2. For researchers and practitioners: To understand the many dimensions and decision points in the building, maintenance, deployment, and delivery of multi-client panels and panel data.


David Dutwin, PhD, is Senior Vice President for Strategic Initiatives, Business Ventures and Initiatives and Chief Scientist of AmeriSpeak at NORC at the University of Chicago. David provides scientific and programmatic thought leadership in support of NORC’s ongoing innovations. In addition to identifying new business opportunities, he lends expertise on research design conceptualization, methodological innovation, and product development. He leads the panel operations and the statistics and methods divisions of AmeriSpeak. David assists in NORC strategic vision and strategy, project acquisition and management of advance research methods. Prior research has focused on election methodology, surveying of low-incidence populations, the use of big data in survey research, and data quality in survey panels. He is a senior fellow of the Program for Opinion Research and Election Studies at the University of Pennsylvania. An avid member of the AAPOR community, David served as president from 2018-2019. He previously served on AAPOR’s Executive Council as conference chair and has served full terms on several committees. For over twenty years, he has taught courses in survey research and design, political polling, research methods, rhetorical theory, media effects, and other courses as an adjunct professor at the University of Pennsylvania, the University of Arizona, and West Chester University.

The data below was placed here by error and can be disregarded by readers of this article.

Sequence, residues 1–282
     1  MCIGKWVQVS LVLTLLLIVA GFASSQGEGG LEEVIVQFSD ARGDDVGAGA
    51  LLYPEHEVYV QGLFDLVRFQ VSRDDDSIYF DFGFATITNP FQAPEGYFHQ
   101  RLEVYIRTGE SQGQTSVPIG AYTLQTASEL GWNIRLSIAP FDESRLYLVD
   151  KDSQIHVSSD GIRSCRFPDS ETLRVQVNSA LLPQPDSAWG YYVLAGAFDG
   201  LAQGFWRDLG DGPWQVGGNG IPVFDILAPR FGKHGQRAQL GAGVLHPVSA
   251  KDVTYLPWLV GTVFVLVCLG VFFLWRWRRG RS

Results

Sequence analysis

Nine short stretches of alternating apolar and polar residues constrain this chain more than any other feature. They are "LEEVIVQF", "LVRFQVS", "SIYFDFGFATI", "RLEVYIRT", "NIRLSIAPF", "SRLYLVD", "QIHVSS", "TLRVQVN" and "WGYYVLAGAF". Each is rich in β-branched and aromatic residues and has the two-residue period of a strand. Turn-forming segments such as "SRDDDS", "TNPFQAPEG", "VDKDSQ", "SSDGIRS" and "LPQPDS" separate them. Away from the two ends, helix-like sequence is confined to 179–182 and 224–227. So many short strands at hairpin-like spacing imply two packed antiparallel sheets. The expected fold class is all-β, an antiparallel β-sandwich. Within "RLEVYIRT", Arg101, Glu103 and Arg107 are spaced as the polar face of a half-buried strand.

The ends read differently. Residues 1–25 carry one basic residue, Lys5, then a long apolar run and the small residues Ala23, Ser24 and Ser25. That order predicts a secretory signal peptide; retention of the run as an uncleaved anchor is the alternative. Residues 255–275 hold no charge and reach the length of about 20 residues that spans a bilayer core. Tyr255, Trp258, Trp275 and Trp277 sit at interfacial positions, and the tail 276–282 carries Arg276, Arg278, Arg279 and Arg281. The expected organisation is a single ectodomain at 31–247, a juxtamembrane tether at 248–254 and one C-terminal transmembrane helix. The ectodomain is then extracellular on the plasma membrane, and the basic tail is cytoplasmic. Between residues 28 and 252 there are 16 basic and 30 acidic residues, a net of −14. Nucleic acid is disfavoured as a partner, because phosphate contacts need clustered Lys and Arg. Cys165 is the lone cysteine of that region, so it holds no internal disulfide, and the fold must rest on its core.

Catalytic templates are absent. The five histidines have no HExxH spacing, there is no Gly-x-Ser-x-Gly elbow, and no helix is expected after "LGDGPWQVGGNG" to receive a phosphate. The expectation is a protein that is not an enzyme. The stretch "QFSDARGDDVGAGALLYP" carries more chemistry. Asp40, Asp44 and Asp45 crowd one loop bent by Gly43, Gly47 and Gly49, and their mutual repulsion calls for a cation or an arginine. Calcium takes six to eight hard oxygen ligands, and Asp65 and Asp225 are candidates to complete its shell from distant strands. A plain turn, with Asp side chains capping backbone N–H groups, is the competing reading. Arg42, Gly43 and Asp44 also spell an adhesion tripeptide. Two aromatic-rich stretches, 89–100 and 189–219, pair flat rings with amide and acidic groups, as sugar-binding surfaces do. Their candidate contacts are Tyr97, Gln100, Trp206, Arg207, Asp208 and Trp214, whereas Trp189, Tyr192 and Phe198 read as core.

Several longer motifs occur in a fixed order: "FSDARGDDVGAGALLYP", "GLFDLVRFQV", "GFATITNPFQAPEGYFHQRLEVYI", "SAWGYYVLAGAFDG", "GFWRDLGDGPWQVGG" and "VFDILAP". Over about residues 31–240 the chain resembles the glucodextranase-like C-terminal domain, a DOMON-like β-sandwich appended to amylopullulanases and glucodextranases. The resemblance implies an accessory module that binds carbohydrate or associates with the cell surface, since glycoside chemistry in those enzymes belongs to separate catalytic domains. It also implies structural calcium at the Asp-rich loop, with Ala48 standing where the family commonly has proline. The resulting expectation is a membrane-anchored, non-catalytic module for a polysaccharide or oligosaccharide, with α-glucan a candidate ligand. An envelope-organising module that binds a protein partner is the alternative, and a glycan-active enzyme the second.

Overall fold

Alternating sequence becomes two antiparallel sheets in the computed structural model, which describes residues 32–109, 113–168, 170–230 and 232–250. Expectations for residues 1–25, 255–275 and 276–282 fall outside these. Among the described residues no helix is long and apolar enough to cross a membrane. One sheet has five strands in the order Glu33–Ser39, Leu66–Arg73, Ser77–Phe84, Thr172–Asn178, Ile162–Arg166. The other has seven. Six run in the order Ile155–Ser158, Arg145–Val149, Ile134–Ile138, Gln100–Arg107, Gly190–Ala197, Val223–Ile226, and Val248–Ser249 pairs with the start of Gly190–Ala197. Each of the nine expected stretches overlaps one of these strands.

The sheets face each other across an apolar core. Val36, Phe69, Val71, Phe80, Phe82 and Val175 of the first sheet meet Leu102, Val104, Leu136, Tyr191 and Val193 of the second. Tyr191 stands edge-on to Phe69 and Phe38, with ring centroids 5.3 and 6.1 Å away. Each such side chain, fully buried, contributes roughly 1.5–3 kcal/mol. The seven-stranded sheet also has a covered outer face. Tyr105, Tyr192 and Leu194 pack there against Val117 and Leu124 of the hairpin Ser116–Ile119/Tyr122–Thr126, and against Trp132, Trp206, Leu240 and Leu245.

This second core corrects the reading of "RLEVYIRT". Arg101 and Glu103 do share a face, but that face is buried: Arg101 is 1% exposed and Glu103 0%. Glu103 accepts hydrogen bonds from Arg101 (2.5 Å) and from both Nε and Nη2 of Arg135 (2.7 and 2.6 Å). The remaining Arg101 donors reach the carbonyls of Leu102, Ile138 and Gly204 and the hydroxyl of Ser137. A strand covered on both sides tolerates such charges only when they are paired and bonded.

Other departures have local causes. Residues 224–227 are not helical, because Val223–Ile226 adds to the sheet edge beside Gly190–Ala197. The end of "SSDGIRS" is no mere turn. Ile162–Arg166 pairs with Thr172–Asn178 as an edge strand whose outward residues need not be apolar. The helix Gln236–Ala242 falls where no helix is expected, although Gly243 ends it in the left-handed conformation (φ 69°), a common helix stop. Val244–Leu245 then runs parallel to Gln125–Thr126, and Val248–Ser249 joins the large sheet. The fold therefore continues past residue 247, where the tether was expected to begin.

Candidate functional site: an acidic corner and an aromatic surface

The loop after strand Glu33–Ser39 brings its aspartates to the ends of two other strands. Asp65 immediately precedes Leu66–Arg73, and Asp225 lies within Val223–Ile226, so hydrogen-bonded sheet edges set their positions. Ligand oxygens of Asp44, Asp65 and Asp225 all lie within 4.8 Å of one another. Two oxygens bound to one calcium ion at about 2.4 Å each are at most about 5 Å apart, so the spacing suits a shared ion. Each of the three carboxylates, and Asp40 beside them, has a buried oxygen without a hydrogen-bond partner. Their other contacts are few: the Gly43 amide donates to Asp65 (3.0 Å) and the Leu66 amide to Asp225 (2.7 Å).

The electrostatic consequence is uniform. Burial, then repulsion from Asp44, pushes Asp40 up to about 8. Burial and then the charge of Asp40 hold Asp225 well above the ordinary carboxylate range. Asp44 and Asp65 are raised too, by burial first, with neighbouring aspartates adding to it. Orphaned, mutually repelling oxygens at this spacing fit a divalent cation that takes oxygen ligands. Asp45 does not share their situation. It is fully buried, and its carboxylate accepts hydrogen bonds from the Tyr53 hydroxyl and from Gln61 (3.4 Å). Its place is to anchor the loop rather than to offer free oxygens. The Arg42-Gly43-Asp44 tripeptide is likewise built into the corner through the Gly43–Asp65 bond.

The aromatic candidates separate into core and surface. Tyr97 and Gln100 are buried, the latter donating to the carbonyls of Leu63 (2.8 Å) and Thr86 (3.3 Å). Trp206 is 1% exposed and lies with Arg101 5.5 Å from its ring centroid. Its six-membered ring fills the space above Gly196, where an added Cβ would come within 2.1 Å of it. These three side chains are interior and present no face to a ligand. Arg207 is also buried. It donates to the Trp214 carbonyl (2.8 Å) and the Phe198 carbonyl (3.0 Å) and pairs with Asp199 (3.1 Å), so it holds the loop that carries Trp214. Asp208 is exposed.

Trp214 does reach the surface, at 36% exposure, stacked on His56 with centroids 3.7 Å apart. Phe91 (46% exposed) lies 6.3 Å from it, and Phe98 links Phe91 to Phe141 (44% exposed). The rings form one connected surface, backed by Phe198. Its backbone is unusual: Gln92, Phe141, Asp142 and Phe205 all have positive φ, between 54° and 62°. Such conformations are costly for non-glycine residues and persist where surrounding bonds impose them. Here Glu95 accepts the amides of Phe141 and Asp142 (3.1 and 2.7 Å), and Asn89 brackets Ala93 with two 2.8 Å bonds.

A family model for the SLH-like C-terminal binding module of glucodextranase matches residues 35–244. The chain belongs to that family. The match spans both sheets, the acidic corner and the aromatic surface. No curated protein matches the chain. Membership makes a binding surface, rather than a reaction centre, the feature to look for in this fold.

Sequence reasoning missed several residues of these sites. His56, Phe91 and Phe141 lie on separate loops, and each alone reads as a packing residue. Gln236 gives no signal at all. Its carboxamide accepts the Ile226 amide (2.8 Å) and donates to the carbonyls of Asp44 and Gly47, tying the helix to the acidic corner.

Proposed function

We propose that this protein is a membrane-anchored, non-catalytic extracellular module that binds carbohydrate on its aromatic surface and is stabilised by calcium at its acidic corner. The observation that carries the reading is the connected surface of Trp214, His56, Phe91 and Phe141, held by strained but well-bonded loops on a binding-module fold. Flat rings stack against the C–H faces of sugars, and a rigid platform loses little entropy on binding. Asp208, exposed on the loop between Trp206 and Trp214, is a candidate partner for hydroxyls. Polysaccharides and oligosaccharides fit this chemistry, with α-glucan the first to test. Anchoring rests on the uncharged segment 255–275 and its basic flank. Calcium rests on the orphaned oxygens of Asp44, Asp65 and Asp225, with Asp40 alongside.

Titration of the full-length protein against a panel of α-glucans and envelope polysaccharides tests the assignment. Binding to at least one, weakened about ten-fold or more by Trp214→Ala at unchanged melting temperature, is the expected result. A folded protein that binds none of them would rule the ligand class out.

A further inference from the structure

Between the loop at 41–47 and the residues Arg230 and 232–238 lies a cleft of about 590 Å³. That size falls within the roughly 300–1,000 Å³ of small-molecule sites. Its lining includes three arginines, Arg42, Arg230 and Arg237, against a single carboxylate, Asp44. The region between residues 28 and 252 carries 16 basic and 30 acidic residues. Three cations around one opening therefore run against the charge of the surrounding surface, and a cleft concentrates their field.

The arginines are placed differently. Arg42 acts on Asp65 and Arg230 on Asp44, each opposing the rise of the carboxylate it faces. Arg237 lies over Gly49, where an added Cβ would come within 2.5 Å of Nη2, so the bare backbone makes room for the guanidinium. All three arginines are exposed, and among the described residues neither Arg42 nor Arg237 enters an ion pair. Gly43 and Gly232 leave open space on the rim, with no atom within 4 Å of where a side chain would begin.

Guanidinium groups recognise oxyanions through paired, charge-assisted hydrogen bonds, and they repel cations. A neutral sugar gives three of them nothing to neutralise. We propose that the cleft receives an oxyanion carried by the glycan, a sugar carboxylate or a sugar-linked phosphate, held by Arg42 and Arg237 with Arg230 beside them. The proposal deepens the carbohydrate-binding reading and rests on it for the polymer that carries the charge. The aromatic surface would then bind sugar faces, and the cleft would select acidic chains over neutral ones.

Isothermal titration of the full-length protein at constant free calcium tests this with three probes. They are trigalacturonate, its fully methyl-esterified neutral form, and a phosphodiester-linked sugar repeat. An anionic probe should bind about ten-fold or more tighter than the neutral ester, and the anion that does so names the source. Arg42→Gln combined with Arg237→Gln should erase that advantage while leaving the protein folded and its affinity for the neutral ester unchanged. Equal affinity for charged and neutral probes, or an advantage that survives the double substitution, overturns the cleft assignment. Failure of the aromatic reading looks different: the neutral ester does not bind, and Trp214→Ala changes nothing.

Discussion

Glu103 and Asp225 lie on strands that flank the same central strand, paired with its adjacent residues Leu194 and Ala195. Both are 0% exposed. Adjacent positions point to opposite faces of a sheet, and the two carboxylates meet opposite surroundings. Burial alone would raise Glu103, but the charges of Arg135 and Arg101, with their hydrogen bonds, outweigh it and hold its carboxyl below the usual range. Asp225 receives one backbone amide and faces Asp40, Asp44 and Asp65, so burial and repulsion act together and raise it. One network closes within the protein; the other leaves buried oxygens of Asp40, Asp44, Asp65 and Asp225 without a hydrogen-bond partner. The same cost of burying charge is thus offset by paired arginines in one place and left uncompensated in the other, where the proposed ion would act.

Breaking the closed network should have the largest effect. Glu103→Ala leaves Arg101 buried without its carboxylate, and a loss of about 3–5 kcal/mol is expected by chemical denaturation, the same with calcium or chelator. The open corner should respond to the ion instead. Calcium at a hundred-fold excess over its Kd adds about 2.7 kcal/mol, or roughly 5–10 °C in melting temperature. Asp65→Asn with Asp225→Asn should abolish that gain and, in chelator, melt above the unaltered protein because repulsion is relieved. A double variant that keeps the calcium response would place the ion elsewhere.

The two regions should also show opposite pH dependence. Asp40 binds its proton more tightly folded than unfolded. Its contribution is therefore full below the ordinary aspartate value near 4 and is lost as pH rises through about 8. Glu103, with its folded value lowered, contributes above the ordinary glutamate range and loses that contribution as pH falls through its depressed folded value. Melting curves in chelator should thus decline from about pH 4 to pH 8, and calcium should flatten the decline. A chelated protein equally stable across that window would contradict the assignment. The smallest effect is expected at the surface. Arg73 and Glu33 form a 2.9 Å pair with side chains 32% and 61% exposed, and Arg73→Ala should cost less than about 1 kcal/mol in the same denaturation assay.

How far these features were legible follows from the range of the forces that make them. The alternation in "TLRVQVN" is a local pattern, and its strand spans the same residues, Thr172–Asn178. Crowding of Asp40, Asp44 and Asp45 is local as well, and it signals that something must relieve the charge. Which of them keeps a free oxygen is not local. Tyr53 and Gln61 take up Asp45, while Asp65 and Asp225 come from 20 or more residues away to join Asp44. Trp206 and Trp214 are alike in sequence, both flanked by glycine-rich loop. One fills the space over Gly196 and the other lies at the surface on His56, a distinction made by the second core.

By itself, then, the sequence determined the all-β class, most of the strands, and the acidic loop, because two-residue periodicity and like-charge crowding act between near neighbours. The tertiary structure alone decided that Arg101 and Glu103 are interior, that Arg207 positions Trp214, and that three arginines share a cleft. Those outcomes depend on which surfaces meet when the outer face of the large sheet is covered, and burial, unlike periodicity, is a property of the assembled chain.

Ipek Bilgen, PhD, is a Principal Research Methodologist in the Methodology and Quantitative Social Sciences Department at NORC at the University of Chicago. Ipek is the Deputy Director of NORC’s Center for Panel Survey Sciences. Additionally, she oversees AmeriSpeak’s methodological research and innovations. As part of her role within AmeriSpeak, she also provides survey design expertise, questionnaire development and review support, and leads cognitive interview and usability testing efforts for client studies. Ipek received both her Ph.D. and M.S. from the Survey Research and Methodology (SRAM) Program at the University of Nebraska-Lincoln. She has published and co-authored articles in Journal of Official Statistics, Public Opinion Quarterly, Journal of Survey Statistics and Methodology, Survey Practice, Social Currents, Social Science Computer Review, Field Methods, Journal of Quantitative Methods, SAGE Research Methods, and Quality and Quantity on issues related to interviewing methodology, web surveys, online panels, internet sampling and recruitment approaches, nonresponse and measurement issues in surveys. In the past, she has served on AAPOR’s and MAPOR’s Executive Councils. Ipek is currently teaching at the Irving B. Harris Graduate School of Public Policy Studies at the University of Chicago and serving as Associate Editor of Public Opinion Quarterly (POQ).